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Let $X$ be a random variable and $\{Y_j\}, j\in J$ a family of random variables. $J$ should be an index set, perhaps uncountable. My question is, if $X$ is independent to every finite subfamily of $\{Y_j\}$, i.e. for every $ I \subset J$ and $|I|\in \mathbb{N}$ the family $\{Y_j;j\in I\}$ and $X$ are independent. Could we conclude that $X$ is independent to the whole family $\{Y_j; j\in J\}$?

cheers

math

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Yes, as \[ \mathcal C := \left\{\bigcap_{j \in I} Y_j^{-1}[B_j] \biggm| I \subseteq J\text{ finite}, B_j \subseteq \mathbb R\text{ Borel} \right\} \] is a $\cap$-stable generator of $\sigma(Y_j, j \in J)$ and for $A \in \sigma(X)$ and $C \in \mathcal C$ we have independence of $C$ and $A$.

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The $\cap$-stable (and non empty) classes are often called $\pi$-systems. –  Did Jun 19 '12 at 15:42
    
Ah....Thanks a lot. I knew this result, but I didn't see that $\mathcal{C}$ is a generator of $\sigma (Y_j;j\in J)$ for probably uncountable $J$. –  math Jun 19 '12 at 15:47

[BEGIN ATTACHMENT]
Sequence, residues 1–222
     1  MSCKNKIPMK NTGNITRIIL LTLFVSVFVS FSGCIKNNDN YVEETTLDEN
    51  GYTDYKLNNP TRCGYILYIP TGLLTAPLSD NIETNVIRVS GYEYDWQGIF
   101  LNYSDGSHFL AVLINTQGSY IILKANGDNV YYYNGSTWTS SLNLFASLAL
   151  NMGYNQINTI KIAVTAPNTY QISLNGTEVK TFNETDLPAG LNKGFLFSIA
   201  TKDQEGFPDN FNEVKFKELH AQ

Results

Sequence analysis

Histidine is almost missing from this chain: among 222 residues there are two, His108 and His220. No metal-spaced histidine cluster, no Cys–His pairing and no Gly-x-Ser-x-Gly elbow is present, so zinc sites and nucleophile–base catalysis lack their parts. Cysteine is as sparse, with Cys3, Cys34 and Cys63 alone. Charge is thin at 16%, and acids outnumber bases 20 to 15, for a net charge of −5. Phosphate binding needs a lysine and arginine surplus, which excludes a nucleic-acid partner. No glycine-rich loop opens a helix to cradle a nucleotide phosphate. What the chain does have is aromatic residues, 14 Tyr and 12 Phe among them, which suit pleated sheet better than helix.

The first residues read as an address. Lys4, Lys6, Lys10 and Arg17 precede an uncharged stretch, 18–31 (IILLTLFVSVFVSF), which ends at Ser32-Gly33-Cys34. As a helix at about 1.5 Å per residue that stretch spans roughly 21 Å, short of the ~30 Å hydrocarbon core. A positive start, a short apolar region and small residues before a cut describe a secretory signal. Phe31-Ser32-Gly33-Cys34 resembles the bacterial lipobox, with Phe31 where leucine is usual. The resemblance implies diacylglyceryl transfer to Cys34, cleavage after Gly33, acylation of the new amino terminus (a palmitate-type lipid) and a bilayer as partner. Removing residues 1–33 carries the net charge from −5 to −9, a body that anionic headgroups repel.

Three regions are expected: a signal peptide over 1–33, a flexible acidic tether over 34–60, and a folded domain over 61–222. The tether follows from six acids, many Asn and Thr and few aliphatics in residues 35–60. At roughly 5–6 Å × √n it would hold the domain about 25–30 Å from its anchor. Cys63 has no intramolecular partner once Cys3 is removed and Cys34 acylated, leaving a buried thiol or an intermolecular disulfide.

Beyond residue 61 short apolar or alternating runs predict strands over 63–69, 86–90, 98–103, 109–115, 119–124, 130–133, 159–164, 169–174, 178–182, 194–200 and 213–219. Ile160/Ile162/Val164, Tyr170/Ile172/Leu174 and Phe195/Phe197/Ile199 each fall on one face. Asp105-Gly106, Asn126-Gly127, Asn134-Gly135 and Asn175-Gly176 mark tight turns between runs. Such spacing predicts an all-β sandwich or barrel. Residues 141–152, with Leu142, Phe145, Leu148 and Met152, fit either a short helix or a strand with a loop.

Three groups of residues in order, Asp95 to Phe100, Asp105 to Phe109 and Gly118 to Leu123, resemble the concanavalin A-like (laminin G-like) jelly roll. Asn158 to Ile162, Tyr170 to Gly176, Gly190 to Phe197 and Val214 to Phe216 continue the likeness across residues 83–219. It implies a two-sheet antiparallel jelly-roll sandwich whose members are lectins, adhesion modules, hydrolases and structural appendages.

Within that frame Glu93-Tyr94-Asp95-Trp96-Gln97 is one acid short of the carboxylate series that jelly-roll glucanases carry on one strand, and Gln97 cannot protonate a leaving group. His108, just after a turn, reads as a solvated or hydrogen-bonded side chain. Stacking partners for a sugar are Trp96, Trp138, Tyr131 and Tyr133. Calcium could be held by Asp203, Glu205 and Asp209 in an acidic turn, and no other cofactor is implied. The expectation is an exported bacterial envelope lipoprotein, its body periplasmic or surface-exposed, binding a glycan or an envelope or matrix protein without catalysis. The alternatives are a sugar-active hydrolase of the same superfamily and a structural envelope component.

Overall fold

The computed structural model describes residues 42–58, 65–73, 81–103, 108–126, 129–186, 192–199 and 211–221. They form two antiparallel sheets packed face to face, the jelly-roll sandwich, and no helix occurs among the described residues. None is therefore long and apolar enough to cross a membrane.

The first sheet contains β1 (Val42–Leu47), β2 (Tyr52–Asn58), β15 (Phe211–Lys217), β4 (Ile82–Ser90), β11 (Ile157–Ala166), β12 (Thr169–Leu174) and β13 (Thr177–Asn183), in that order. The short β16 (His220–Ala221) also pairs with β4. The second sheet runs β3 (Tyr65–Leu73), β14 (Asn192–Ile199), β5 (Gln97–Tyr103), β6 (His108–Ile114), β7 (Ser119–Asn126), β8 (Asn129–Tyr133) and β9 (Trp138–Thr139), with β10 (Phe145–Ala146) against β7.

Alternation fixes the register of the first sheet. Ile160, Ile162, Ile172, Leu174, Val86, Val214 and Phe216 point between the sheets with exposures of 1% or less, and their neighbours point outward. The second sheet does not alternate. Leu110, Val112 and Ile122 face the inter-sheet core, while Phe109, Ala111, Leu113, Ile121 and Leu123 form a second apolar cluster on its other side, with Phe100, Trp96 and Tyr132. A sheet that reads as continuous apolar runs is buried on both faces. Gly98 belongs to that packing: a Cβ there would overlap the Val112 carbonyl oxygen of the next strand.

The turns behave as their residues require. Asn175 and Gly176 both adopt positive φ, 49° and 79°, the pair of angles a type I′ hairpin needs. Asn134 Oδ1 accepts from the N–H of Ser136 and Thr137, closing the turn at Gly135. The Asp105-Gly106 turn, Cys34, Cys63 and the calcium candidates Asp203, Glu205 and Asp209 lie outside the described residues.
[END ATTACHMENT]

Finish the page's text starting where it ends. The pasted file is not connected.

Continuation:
You see it now? –  martini Jun 19 '12 at 15:50
    
@martini : sorry for this late answer. One inclusion is obvious, i.e. $\sigma (\mathcal{C})\supset \sigma (Y_j;j\in J)$. Can just give a short argument why the other direction is true? That would be very helpful. –  math Jul 23 '12 at 13:11
    
@math As $\sigma(Y_j, j \in J)$ makes the $Y_j$ measurable, we have $C \in \sigma(Y_j, j \in J)$ for $C \in \mathcal C$. As $\sigma(Y_j, j \in J)$ is a $\sigma$-algebra, we have $\sigma(\mathcal C) \subseteq \sigma(Y_j, j \in J)$. –  martini Jul 23 '12 at 13:54

Yes, we can. It all relies on the following result:

If $\mathcal{G}_1,\ldots,\mathcal{G}_n$ are systems of events that are closed under intersection such that $\mathcal{G}_1,\ldots,\mathcal{G}_n$ are independent, then $\sigma(\mathcal{G}_1),\ldots,\sigma(\mathcal{G}_n)$ are also independent.

Since $\sigma((Y_j)_{j\in J})=\sigma((Y_i)_{i\in I}\mid I\subseteq J, |I|\in \mathbb{N})$ the above result gives what you want.

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